|Will with a mermaid on vacation|
And this is what I learned
1) Expect what is in you to come out
All of my life I've heard it: "You need to balance" and "Strive toward the Golden Mean" and "Look for synthesis." And I stink at all of it. I work too had and eat too much and exercise too little. And vacation is no escape from this trend.
What tends to happen for me is that vacation time levels things out. A few years ago, I spend a lot of our vacation sleeping. I had been cutting corners on sleep and my body needed it. When I slowed down for vacation, my body took what it needed ... and I crashed.
This year, I noticed this trend again. All year, I've been spending more and more time on the computer, reading blogs and writing. All year, I've been spending more time on social media. All year, I've been reading books at a breakneck pace. When I slowed down for vacation - we were in a place with poor internet reception for 9 days - I felt as if a huge gap opened up in my life. Input. Input. Input. Emptiness. Could this be healthy?
If you want to have a better vacation, expect what is in you to come out. If you know you've been moving at a million miles an hour, plan time to rest. If you know you've been spending too little time at the gym, give yourself room to exercise. If you know you've been spending too little time with your family, make sure you plan in such a way that you get lots of time with them. Compensate. Re-balance.
Wherever you go, there you are. You can't escape yourself. Don't pretend that you can.
2) Think about the one-sentence summary
This is great advice that Andy Stanley gives people. It also shows up in Decisive by Chip and Dan Heath. Here it is:
How will you describe this vacation 10 years from now?Having that in mind makes a big difference when trying to pull together a vacation. It doesn't have to be perfect and no one is going to remember every little detail. From our vacation last year, we remember that we stayed on a horse farm near the beach, rode a golf cart and spent time with some of our best friends in the world. A year out, I also remember that the house we were in was a double-wide and that the beach was a long way from the house and that I pitched a fit when we found out these two facts upon arrival. But 10 years from now I won't remember any of that. All I'll remember are the horses and the golf cart and our friends.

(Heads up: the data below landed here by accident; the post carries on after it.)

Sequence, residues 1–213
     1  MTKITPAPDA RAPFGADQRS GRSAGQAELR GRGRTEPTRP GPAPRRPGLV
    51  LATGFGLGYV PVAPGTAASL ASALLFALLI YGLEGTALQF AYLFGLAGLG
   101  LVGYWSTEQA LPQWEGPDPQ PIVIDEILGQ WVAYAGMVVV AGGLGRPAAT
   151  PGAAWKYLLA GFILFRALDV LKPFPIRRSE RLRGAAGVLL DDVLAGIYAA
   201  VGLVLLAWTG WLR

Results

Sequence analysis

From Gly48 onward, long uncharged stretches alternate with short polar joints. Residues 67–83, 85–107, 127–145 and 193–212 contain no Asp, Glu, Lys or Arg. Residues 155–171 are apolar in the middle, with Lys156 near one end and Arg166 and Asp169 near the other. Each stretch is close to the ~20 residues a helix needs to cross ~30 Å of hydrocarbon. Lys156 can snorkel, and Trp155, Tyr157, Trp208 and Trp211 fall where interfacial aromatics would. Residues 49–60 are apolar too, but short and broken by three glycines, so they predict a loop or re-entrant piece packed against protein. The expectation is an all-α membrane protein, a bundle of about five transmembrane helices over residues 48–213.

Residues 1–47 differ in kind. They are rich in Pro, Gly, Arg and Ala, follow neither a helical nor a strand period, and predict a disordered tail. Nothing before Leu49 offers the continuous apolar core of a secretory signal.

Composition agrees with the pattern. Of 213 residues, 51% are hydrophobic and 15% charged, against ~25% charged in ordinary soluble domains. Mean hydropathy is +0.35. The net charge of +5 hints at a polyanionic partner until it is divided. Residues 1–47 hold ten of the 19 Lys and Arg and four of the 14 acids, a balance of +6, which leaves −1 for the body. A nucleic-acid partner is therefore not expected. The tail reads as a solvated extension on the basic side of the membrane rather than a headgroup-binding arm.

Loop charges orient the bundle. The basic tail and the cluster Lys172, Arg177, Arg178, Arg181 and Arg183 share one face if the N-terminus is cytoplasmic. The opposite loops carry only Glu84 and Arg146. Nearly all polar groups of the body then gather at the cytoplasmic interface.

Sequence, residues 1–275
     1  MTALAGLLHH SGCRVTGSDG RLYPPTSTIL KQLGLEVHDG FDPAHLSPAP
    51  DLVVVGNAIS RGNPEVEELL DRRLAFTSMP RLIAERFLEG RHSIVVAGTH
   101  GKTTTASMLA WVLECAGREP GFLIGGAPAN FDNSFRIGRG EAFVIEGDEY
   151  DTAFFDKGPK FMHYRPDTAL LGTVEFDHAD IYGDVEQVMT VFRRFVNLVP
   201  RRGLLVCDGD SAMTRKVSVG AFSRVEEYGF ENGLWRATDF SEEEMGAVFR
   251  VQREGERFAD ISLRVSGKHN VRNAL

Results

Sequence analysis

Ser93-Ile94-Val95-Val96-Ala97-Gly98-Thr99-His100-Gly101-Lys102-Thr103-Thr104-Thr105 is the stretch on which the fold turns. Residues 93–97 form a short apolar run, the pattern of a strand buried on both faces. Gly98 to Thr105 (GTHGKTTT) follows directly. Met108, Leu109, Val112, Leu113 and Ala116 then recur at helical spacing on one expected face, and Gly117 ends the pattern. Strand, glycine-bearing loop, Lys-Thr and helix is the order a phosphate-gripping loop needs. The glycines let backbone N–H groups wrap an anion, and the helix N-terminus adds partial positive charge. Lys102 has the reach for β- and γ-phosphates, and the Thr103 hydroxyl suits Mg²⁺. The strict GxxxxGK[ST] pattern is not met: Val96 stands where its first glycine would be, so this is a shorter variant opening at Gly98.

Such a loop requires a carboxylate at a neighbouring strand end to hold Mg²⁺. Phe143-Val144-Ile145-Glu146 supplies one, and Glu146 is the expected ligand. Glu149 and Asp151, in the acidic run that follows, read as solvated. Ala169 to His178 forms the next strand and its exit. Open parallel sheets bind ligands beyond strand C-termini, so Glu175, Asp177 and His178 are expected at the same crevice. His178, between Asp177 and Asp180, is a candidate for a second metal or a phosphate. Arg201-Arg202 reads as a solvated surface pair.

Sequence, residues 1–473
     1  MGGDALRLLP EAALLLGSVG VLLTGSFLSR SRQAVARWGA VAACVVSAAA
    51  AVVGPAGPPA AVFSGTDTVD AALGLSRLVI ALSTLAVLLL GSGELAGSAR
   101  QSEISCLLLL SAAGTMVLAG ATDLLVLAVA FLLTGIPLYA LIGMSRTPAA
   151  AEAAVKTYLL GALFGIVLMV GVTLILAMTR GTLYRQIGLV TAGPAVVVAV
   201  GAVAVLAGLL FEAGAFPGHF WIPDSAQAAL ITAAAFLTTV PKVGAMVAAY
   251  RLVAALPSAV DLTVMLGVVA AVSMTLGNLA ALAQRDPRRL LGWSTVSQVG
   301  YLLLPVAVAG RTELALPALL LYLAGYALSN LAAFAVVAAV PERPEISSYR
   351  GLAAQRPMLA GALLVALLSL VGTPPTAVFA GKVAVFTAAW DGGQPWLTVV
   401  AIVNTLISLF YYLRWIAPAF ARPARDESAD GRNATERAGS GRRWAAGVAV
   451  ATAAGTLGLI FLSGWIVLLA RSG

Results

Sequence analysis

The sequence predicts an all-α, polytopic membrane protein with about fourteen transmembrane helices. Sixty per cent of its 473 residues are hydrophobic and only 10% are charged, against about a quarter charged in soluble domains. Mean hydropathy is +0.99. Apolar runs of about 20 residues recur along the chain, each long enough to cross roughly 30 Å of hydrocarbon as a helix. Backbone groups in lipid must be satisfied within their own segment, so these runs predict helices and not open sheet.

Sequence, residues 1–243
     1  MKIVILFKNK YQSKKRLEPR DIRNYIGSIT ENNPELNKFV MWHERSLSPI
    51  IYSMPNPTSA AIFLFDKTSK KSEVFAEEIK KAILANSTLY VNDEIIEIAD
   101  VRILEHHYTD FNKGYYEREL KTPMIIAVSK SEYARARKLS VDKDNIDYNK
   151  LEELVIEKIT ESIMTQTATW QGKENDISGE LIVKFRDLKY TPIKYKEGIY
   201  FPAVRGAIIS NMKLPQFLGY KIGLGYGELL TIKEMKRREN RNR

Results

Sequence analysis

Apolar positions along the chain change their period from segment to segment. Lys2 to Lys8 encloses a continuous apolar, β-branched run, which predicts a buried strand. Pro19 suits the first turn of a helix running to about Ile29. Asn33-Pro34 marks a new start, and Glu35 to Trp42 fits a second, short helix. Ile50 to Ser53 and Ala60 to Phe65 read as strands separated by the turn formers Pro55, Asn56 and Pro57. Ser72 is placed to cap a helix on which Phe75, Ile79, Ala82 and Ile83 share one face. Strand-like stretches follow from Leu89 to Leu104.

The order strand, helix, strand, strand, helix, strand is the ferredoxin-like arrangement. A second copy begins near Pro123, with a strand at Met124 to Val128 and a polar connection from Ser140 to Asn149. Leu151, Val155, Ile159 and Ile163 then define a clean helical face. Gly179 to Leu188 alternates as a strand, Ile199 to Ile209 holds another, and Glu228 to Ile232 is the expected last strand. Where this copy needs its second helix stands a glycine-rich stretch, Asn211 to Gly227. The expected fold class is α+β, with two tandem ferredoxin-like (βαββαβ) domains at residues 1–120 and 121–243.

You've heard it said: "The perfect is the enemy of the good." Well, I think we can also say: "The perfect is the enemy of the vacation." Don't try to hit perfect. And don't try to cram too much into a vacation. The truth is, 10 years from now, that whole vacation will be summed up in one-sentence.
We stayed at a hotel and had room service and Dad was with us when he wasn't working.
We went on a houseboat trip with a bunch of people from Dad's work.
We spent a week at the lake with our friends.
We swam and drove the golf cart looking for bunny rabbits.
We stayed with horses and drove a golf cart with our friends.
The thing all those vacations have in common: "We."
3) Learn from your vacation experience
Take some time after your vacation to debrief.
What was memorable?
What was restorative?
What was fun?
What was difficult?
What do you wish you would have done differently?
What are you glad you did?
Try new things. Hone in on what works for you. It's so easy to be unthinking about vacation, to slide into a rut, to repeat the same mistakes over and over and over again.
Amy and I learned something over the last few years of vacations. Leaving for vacation stresses me out. You can attribute it to childhood vacation trauma or my generalized fear of taking a vacation, but I hate the moment when we get out the door. I hate to be rushed when we're leaving for vacation. Amy, on the other hand, is ready to get out the door early and get moving. This has led to lots of conflict. But we learned. And somehow, this year, we had a smooth start.
What have you learned about taking vacations?